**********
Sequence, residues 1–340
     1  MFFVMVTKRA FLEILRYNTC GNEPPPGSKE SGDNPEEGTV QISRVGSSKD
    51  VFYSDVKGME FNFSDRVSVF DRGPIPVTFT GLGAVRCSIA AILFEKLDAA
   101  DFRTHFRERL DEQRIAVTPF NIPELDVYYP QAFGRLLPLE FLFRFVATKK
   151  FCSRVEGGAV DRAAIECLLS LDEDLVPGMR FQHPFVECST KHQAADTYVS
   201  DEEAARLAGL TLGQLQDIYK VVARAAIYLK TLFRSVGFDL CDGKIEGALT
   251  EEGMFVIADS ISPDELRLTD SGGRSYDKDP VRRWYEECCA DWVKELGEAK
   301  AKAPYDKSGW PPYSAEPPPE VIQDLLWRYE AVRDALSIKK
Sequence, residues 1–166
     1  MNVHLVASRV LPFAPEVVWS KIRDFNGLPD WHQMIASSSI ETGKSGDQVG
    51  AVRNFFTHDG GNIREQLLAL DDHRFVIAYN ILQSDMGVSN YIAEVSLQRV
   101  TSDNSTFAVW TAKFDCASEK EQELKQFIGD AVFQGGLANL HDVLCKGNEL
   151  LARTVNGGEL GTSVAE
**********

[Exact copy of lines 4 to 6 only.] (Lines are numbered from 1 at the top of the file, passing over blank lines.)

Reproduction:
   101  DFRTHFRERL DEQRIAVTPF NIPELDVYYP QAFGRLLPLE FLFRFVATKK
   151  FCSRVEGGAV DRAAIECLLS LDEDLVPGMR FQHPFVECST KHQAADTYVS
   201  DEEAARLAGL TLGQLQDIYK VVARAAIYLK TLFRSVGFDL CDGKIEGALT